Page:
Kwang-wha Kang, the Deputy High Commissioner of OHCHR, had raised this issue with the US Ambassador to Geneva, John Clint Williamson, that Pillay faced fierce opposition within the UN itself regarding her personal call for criminal investigation. Kwang had stated this on 09 July 2009 to Williamson.  

Gotabaya Rajapaksa, the Defense Secretary of Sri Lanka, is also accuse Pillay for being biased on Sri Lanka because Pillay's ancestral family roots in Tamil Nadu.  Furthermore, Gotabaya asserts that she has been influenced by the coordinated extreme elements of Tamil Diaspora communities in Geneva and in western capitals.[10]

Pillay has a Tamil origin. Her parents came from Tamil Nadu. For the LTTE, Tamil Nadu was the initial training ground and the hide-out from the Sri Lankan and Indian authorities. Tamil Nadu is a federal state of India in the southern tip of the Indian peninsular. In proximity Jaffna in the Northern Province of Sri Lanka is closer to Tamil Nadu than to its own capital in the west, Colombo. So does the cultural and traditional relations between Tamil Nadu and Northern Province of Sri Lanka. The politics of Tamil Nadu had constantly been affected the Sri Lankan conflict to a significant degree. 

North and Easter parts of Sri Lanka accommodate great number of local Tamil population. The LTTE used the slogan of fighting to free the Tamils from the oppressive Sri Lankan Government and had mobilized the people and resources worldwide along that line. 

Wound not Pillay have any emotional relations to her ancestral land of Tamil Nadu and her Tamil compatriots? 

There are NGOs that are still claiming to be representing the interests of LTTE agenda abroad, and they have official lobby groups in Geneva to influence the UN authorities. The unofficial capacities are yet to surface. The followings groups are very prominent in among them; Tamil Coordinating Committee which is based in Norway and led by Nediyawan; the Transnational Government of Tamil Eelam which is based in New York and led by Rudrakumaran ; the LTTE Headquarter group which is based in France led by Vinayagam; and the Global Tamils Forum which coordinates all LTTE-linked groups led by the Father Emmanuel in London. This person called Father Emmanuel apparently has connection to the British MP David Miliban.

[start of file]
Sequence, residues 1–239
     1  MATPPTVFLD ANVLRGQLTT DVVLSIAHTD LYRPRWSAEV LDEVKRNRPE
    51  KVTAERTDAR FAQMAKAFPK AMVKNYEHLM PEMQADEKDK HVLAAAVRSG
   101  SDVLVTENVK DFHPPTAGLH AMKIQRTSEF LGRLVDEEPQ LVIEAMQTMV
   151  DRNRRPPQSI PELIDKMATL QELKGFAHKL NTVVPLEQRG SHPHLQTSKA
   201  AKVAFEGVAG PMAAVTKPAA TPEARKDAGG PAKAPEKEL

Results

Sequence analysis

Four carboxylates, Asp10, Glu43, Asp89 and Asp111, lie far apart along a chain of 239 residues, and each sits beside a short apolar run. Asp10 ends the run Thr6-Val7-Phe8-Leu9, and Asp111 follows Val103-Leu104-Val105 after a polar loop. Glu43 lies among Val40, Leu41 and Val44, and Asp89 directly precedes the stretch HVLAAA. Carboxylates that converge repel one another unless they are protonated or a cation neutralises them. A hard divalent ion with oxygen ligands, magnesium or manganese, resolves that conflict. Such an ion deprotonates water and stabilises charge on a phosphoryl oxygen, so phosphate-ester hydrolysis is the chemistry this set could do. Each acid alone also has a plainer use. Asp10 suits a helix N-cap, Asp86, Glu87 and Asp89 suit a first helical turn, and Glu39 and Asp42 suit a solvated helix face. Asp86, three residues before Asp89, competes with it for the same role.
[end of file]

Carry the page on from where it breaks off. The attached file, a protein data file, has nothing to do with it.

Father Emmanuel with David Miliband
 Gotabaya alleges the High Commissioner has some influence from these extremist elements.

Why do I claim that the global political interests are not showing a strong case for a criminal investigation in Sri Lanka?

The political interests of powerful nations are hardly stay away from these sort of exploitative opportunities. The interesting development of this front in the case of Sri Lanka is that the most powerful nation on the plant, the USA, had initially offered great assistance to the Government of Sri Lanka for eradicating terrorism within the country.

Eventhou, the US has brought the latest resolution to the OHCHR, the US has refused two legal appeals brought against the President of Sri Lanka and the Army General of Shavendra Silva within its own jurisdiction. This is a very strong indication of that the USA is not truly interested for a criminal investigation. Of cause it has be pleasing the international crowd occasionally pretending to do otherwise.

It is obvious, the England is a big player of inserting political pressure within the UN mechanism for a criminal investigation, which Pillay may enjoy of receiving as it circumnavigates the great deal of attention away from her. France is most likely reciprocating the England with a favor in UN as their shared interests in former colonial past and the future, which is going to be challenging, beg  them to act that way.

Of causes, these countries have to respond to those local political pressure of Tamil Diaspora communities, NGOs and some other personal actors accordingly as well.

It is explicit that Russia and China is no way near of reconciling their difference in the Security Council if it comes to that with their veto powers.

Some could argue that Pillay's judgment is purely justified - even if it is shaky -on the bases of factual realities of the final phase and post-war developments in the country. This is what Pillay is saying too. Does this argument hold the ground for Pillay?
The Sri Lankan Army had to rescue about 300,000 civilians from LTTE where they were kept forcibly in No Fire Zones as human shields since January to May 2009.[11] The LTTE had violated norms and laws of war to an unimaginable extent.[12] The Army had taken all feasible precautionary measures.[13] The ground realities had lead to slow the phase of operations. The Army bear heavy casualties. The Army had taken all measures to respect the humanitarian principles of distinction and proportionality.[14]

So, how many civilians have been killed in the final phase?